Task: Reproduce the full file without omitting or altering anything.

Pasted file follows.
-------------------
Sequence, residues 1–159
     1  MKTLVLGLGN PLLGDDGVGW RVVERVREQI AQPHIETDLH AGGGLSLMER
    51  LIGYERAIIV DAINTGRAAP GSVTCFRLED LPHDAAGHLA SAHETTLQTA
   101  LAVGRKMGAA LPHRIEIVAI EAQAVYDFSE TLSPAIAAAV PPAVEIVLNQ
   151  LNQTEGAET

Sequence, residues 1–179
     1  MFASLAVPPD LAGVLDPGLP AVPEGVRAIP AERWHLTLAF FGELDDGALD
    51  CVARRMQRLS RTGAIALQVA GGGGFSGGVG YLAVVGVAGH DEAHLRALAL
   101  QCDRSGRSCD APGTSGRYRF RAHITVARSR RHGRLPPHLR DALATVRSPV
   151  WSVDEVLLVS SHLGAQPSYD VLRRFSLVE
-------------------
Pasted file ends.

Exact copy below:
Sequence, residues 1–159
     1  MKTLVLGLGN PLLGDDGVGW RVVERVREQI AQPHIETDLH AGGGLSLMER
    51  LIGYERAIIV DAINTGRAAP GSVTCFRLED LPHDAAGHLA SAHETTLQTA
   101  LAVGRKMGAA LPHRIEIVAI EAQAVYDFSE TLSPAIAAAV PPAVEIVLNQ
   151  LNQTEGAET

Sequence, residues 1–179
     1  MFASLAVPPD LAGVLDPGLP AVPEGVRAIP AERWHLTLAF FGELDDGALD
    51  CVARRMQRLS RTGAIALQVA GGGGFSGGVG YLAVVGVAGH DEAHLRALAL
   101  QCDRSGRSCD APGTSGRYRF RAHITVARSR RHGRLPPHLR DALATVRSPV
   151  WSVDEVLLVS SHLGAQPSYD VLRRFSLVE